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Asthma: Treatment

Asthma cannot be cured, but it can be successfully managed. Good asthma control will reduce your child’s need for “quick-relief” medicines like emergency inhalers, and will minimize chronic symptoms like coughing and shortness of breath. With careful management, your child will be able to maintain good lung function, get enough sleep and keep up with friends. Management can also help prevent scary trips to the ER.

The first step will be for you and your doctor to develop an asthma management plan that includes daily treatment as well as strategies for dealing with attacks and emergencies. Your plan and treatment will depend on the type and severity of your child’s asthma, as well as her age. But some common strategies include:

  • Medication: Most children will need some form of medication to manage their symptoms. Some children will require several medications on a daily basis, while others may only need a “rescue” inhaler or other medication during allergy or cold season. Medications come in pill and inhaled forms.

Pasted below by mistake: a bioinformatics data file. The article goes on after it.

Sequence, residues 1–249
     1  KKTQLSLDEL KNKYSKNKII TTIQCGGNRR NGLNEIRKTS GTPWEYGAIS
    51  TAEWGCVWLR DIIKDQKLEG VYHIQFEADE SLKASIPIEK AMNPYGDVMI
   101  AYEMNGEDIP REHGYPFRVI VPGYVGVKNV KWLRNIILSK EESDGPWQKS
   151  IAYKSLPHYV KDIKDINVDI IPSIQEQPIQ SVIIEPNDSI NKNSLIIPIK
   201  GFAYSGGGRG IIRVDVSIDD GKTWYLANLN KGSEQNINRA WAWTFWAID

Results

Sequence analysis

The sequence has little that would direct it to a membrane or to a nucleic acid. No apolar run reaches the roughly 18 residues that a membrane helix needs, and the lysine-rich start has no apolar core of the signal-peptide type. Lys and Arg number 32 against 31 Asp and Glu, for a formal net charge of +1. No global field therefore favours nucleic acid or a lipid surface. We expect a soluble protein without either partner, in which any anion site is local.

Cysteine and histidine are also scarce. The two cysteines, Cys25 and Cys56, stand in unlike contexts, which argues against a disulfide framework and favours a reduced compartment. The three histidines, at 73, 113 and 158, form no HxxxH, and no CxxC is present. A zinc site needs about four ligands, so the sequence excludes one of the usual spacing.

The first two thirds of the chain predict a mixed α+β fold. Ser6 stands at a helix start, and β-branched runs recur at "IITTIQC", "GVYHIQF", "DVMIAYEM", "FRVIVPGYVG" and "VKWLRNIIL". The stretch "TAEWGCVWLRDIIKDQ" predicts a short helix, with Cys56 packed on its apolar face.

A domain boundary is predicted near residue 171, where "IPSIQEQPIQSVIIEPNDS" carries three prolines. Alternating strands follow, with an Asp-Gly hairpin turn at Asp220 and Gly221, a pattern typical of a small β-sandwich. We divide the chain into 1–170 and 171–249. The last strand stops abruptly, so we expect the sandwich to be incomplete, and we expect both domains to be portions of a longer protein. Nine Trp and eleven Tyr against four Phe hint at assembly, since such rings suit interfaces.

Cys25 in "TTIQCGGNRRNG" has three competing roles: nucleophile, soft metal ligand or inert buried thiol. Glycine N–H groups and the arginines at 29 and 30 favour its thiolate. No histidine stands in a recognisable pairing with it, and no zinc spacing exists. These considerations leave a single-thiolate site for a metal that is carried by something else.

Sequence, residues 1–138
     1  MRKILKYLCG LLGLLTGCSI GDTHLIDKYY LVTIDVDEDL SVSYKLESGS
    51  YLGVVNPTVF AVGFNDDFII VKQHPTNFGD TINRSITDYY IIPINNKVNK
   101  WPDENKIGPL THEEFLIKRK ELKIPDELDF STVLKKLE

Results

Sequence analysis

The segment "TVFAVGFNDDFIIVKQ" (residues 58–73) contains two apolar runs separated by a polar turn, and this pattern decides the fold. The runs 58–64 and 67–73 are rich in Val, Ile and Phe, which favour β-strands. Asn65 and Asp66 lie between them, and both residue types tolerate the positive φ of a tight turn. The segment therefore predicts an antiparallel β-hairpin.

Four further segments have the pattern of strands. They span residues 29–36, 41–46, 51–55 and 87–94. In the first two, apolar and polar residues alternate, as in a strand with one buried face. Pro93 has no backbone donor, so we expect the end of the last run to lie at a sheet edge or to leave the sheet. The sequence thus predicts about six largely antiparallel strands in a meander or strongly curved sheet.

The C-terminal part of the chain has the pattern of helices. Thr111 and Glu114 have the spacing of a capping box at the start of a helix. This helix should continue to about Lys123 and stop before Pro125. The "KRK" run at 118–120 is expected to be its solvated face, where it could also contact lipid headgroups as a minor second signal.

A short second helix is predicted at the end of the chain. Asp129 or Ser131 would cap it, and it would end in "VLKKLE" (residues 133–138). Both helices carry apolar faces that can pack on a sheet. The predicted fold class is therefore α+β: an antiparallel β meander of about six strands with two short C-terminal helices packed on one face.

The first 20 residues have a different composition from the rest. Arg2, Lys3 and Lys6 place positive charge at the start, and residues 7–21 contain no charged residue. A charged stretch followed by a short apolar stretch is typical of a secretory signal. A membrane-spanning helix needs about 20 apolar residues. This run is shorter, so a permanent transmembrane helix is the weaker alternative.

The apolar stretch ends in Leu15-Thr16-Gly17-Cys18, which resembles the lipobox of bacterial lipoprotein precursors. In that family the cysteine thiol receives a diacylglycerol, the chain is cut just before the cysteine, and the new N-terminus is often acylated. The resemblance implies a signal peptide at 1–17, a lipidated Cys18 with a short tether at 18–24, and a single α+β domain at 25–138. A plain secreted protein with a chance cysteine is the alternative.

• Monitoring: Many children will use a peak flow meter at home to regularly measure their breathing, since lung function can decrease before symptoms are noticeable.
  • Avoidance and Control: This means discovering what triggers your child’s asthma and, as much as possible, avoiding or controlling it. This might translate into things like allergy testing and shots during pollen season, annual flu shots, keeping family pets out of a child’s room, or having her skip recess on cold, windy days.

When To Seek Emergency Treatment
Every parent knows his or her child and is the best judge of when to seek immediate help, either by calling a doctor, driving to the emergency room, or calling 911. When talking about your asthma management plan, be sure to discuss emergency care with your doctor as well. However, here are some general signs that an asthmatic child needs immediate medical help:

  • Rib retractions, or the pulling in of the skin between the ribs (this is especially alarming in infants, who have weak muscles and may get too tired to breathe)
  • Babies will flare their nostrils when breathing in order to increase oxygen intake
  • A peak flow reading below 50% that doesn't improve with medication
  • Bluish or gray lips or fingernails
  • Difficulty speaking
  • No improvement with the use of rescue inhalers, or only short-term improvement of symptoms

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